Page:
Posted: Friday June 4, 2010 1:21AM ; Updated: Friday June 4, 2010 2:12AM
Chris Mannix
Chris Mannix>INSIDE THE NBA

Fast Breaks: Lakers-Celtics Game 1

Story Highlights

Pau Gasol was tough, contributing 23 points and 14 rebounds to the Laker cause

Game 1 boiled down to the Lakers' stars playing well while the Celtics' didn't

Boston had the makings of the more physical team, yet L.A. turned the tables

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(1) Lakers vs. (4) Celtics
Lakers lead series, 1-0
102 89
Game 2: @LAL Sun., June 6, 8 p.m., ABC
Game 3: @BOS Tues., June 8, 9 p.m., ABC
Game 4: @BOS Thurs., June 10, 9 p.m., ABC
Game 5: @LAL Sun., June 13, 8 p.m.*, ABC
Game 6: @BOS Tues., June 15, 9 p.m.*, ABC
Game 7: @LAL Thurs., June 17, 9 p.m.*, ABC

gasol-garnett-story-si.jpg
The Lakers' Pau Gasol (left) game up big against Kevin Garnett and the Celtics in Game 1.
John W. McDonough/SI
NBA Team Page
NBA Team Page

LOS ANGELES -- '3 Mo' were the words scribbled on the white board in the Lakers locker room after the West champs sent a powerful message in Game 1, battering Boston 102-89 to grab the early advantage in the series.

The power of Pau: Few players had more to prove coming into this series than Pau Gasol, who can officially retire the 'soft' designation that has been tacked to his chest like a scarlet letter with a big performance against Kevin Garnett. He got off to a good start in Game 1, racking up an impressive 23 points (on 8-of-14 shooting), 14 rebounds and three blocks. Gasol was a nightmare on the offensive glass (eight boards) and did a credible job on Garnett (16 points on 7-of-16 shooting) defensively when the two were matched up.

"He attacked us," said Boston coach Doc Rivers. "He [was] far more aggressive. If you heard for two years what you couldn't do, you're probably going to come in and try to prove that [you can]. I thought he was the best player on the floor."

The Lakers stars shined: Boston's stars didn't. Gasol gets the game ball, but he shares it with several of his teammates. Kobe Bryant (30 points, 18 in the second half) was his usual spectacular self, Andrew Bynum chipped in 10 points in six rebounds in a surprising 28 minutes and Ron Artest scored 15 points (on 5-of-10 shooting) while making Pierce (24 points) work hard on offense. Garnett (16 points) and Ray Allen (13) were in double figures, but KG was consistently outworked by Gasol and Allen was in and out of the lineup with foul trouble. At a bare minimum, the Celtics Big Three needs to match the production of LA's top troika; in Game 1, they didn't.

Rajon Rondo is Boston's engine: In Game 1, he stalled. It's no coincidence the Celtics' sluggish effort offensively coincided with a forgettable game by Rondo. He was the only Celtic in double digits by halftime and finished the game with a respectable 13 points and eight assists, but he never appeared to be in rhythm. The Lakers sagged way off him in the half court and when Rondo went to the rim he was challenging the 6-foot-6 Bryant. With L.A.'s offense humming, Rondo's transition opportunities were limited and he -- along with the rest of the Celtics -- looked a little lost deciphering the Lakers' defense in the half court.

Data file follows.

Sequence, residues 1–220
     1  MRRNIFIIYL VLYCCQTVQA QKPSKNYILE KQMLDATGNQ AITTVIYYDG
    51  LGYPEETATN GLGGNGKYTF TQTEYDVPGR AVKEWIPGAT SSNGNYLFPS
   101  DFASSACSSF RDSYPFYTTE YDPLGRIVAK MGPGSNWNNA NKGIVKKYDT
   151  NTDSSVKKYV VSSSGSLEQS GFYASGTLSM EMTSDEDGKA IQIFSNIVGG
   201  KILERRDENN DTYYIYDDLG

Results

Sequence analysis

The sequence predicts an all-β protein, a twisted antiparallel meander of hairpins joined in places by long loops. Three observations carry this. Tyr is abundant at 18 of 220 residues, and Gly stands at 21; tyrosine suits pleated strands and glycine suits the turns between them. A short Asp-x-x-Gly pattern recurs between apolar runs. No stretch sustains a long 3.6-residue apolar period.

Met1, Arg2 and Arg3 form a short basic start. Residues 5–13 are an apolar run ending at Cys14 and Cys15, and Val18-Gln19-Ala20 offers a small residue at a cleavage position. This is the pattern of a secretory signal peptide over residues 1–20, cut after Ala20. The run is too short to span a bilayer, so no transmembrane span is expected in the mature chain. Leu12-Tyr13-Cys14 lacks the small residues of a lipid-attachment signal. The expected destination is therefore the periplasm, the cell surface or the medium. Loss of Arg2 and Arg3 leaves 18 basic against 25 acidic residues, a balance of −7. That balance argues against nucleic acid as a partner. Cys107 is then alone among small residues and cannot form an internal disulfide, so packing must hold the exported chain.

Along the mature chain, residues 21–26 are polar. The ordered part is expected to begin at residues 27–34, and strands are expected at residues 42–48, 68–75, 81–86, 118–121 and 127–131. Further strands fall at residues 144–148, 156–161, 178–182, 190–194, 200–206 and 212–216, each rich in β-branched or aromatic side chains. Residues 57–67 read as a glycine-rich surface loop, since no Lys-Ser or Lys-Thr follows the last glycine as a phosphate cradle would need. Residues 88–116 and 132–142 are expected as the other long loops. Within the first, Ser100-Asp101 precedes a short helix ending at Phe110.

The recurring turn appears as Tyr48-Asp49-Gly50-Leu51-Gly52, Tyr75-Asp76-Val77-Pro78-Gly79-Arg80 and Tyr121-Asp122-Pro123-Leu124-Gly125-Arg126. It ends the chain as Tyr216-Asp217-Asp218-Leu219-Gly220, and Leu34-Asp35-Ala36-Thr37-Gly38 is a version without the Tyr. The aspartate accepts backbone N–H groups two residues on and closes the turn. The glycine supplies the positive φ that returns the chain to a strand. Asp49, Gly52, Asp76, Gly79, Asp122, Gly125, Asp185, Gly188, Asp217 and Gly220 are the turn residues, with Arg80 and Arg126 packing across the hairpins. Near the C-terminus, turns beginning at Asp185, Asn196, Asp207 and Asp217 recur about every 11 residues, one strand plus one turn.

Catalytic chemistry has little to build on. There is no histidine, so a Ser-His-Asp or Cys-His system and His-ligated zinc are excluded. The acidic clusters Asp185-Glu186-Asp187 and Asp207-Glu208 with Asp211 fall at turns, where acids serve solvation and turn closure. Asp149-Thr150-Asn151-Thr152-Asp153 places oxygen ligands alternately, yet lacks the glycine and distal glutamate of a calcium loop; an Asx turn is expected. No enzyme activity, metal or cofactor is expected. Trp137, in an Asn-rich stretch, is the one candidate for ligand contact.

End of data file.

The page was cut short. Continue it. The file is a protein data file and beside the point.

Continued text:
L.A. looks like the more physical team: Boston has the rep, but the Lakers were the ones bringing the muscle in Game 1, sweeping the 'power categories' like points in the paint (20-18), second chance points (16-0), offensive rebounds (30-23) and total rebounds (42-31). All over the floor, the Lakers refused to back down: Lamar Odom and Glen Davis were yapping, Shannon Brown and Jordan Farmar banged with Nate Robinson and Bynum and Perkins tussled a few times under the rim.

"I thought they were by far the more physical team," said Rivers. "They just attacked the paint the whole night."

It's clear the Lakers aren't intimidated by the Celtics and, if Game 1 is a barometer, appear perfectly willing to make this series a fight.

"You knew it was going to be physical, that's a given," said Gasol. "You have to match their physicality in order to be successful."

Boston's 'D' was deplorable: After locking up Orlando to the tune of 43 percent shooting and 33.8 percent from three-point range, the Celtics offered little resistance against the Lakers, allowing them to finish shooting 48.7 percent from the floor and 40 percent from three-point range for the game.

"It was horrible," said Rivers. "I thought we hugged up on guys all night. We didn't shrink the floor at all. In the first half it made the bigs look bad because they were getting offensive rebounds, but it wasn't the bigs fault. It was the guards dribbling down the middle of the lane. They didn't control the dribble at all. Before the game we told them the key to the game was rebounding [and] dribble penetration. We stop those two things we'll be in good shape -- but we didn't stop either one."

Boston needs a boost from the bench: This wasn't the second unit the Celtics were used to seeing in the conference playoffs. Rasheed Wallace (nine points) played well, but Tony Allen (four points, four fouls, two turnovers) was a disaster, Davis (three points) struggled to find open looks and Robinson missed all three of his shots in 13 minutes.

"Their bench outplayed our bench," said Rivers. "The only silver lining is that as bad as I thought we played, there were chances to get back in the game."

 
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